Diabetes is a common condition; affecting around 3 million people in the UK with an estimated 1 million more living with it undiagnosed. With the number of type 2 cases having risen year on year since the start of the millennium, doctors are now warning that the risk is growing for younger generations. Earlier this year, five toddlers in Scotland were diagnosed with the condition and, in 2014, seventy children were identified as having type 2 diabetes, whereas 15 years ago this was unheard of.
Though it can affect anyone, overweight children are at greater risk than those of a healthy weight, and the consequences that come along with this are a serious concern. Developing the condition at such a young age is thought to increase the risk of complication such as heart, disease, kidney disease and premature death.
The causes of type 1 diabetes are not yet fully understood and therefore, at the moment, the condition is not preventable because it is not related to an unhealthy lifestyle but is inherent to each person. Type 2 diabetes, on the other hand, is usually triggered by a number of factors, with excess weight being the main cause, and can be a warning signal for a number of other health issues.
Preventing the emergence of Type 2 diabetes is all about being healthy. With excess weight being the leading cause of the condition, it's easy to see who is at risk in most cases. It is especially important to monitor your or your child's weight if there is a history of Type 2 diabetes in the family, and the chances of your child developing Type 2 diabetes are higher if you have the condition yourself. Of course that doesn't mean a child will definitely develop the condition if their parent has it, but it is worth bearing this additional risk in mind.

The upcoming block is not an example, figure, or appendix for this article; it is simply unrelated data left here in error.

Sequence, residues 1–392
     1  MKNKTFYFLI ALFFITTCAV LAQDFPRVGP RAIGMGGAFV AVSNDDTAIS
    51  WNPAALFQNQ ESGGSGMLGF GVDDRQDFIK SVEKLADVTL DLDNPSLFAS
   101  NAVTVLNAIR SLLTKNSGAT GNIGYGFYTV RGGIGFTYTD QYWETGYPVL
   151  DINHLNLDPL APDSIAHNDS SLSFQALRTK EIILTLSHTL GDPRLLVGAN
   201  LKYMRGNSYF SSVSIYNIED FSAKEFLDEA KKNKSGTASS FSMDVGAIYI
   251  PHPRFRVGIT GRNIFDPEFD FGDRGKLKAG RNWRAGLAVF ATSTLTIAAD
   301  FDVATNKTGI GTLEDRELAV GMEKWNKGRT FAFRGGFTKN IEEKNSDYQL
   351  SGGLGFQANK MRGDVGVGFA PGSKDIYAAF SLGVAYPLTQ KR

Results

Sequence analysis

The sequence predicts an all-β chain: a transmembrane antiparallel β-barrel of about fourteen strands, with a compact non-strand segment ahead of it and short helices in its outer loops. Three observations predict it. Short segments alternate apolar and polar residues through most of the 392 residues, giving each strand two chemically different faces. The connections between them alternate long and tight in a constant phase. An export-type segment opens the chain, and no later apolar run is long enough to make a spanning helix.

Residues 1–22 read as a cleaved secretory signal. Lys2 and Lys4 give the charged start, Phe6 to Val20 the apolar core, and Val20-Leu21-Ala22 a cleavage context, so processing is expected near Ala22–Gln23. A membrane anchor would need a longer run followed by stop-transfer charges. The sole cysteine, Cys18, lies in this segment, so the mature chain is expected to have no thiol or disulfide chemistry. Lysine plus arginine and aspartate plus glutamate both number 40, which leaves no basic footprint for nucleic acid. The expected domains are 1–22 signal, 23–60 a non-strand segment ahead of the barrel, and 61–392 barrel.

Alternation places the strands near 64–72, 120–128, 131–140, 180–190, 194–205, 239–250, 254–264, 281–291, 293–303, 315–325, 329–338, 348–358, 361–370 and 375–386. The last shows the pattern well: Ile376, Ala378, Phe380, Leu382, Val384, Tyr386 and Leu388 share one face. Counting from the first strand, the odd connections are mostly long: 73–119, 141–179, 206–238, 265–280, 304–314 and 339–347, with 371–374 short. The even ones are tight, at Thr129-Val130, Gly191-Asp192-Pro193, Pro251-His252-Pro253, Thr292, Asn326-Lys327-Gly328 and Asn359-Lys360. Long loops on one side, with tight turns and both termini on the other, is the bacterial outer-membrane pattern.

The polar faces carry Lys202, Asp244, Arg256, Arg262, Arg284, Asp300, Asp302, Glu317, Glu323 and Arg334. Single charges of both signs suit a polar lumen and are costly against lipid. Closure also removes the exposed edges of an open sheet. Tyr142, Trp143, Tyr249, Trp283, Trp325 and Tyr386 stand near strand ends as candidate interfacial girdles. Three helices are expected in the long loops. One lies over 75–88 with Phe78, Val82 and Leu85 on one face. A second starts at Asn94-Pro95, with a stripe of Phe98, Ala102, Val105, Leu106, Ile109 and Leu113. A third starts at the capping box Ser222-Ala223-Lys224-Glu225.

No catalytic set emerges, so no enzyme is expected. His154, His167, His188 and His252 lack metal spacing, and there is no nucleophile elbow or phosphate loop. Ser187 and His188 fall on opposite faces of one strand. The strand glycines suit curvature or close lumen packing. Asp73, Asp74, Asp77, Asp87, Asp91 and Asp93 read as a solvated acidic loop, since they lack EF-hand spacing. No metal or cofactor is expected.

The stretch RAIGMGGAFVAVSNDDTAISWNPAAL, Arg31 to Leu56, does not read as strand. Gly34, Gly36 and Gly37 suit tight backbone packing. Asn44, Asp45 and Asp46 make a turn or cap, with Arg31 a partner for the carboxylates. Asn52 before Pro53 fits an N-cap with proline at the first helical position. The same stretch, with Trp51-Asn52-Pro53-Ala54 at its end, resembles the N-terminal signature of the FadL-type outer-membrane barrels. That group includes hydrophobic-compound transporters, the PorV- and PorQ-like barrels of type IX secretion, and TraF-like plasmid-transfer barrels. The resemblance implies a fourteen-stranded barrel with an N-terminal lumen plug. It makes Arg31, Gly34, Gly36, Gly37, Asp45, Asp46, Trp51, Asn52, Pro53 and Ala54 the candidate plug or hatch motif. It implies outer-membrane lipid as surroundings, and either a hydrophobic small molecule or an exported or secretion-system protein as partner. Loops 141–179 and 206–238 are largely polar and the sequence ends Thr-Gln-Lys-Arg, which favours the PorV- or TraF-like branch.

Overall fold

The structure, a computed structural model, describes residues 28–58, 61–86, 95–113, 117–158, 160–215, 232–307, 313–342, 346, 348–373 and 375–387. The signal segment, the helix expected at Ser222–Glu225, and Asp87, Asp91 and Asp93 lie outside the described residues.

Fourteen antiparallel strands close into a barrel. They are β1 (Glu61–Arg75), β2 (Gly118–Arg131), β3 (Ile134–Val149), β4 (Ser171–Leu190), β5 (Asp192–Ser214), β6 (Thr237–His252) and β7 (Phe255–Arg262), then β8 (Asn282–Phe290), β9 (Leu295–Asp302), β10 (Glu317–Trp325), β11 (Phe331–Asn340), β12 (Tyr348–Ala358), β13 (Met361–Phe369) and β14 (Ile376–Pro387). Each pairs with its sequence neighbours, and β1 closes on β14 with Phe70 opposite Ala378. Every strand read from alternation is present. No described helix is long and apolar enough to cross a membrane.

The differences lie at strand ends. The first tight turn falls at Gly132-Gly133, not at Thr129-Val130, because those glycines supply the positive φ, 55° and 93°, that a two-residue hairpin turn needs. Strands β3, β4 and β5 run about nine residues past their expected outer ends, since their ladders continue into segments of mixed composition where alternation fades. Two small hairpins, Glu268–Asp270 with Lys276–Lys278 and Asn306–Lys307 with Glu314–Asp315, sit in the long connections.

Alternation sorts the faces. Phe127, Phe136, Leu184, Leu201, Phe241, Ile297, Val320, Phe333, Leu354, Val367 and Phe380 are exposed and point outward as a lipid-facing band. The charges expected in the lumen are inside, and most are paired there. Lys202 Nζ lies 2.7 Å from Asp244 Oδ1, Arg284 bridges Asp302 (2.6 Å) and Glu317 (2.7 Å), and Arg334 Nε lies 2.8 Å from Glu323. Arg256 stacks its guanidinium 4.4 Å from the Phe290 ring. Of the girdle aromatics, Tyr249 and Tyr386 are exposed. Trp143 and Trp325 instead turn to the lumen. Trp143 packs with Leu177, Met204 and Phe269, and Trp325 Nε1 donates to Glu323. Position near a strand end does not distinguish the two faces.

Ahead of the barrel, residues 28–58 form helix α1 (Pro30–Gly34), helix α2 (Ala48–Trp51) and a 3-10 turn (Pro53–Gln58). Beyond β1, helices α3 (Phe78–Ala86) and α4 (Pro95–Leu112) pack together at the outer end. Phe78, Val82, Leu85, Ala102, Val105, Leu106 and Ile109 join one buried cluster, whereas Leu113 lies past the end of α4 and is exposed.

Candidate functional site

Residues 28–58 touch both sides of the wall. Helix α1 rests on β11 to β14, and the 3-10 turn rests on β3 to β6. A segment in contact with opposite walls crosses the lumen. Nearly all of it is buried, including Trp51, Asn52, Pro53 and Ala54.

Diet and exercise are vital for good health and it is clear that, over the last decades, general fitness in the UK has declined, with obesity rising and becoming more common in children than it ever has been. Experts have highlighted more sedentary lifestyles and a worsening diet as triggering this increase in weight. To an extent, gaming and multimedia has replaced playing outside while processed and fast food is enjoyed instead of traditional, nutritious home-cooked meals, and these have been highlighted as major factors in this health decline.
At the moment there are only a few cases of children with type 2 diabetes, but we could be headed for a health 'disaster' if under-18s continue to lead unhealthy lifestyles. For several decades the life expectancy of children has exceeded that of their parents', but this new evidence suggests each generation is becoming progressively less healthy, which could potentially lead to a reversal of this trend.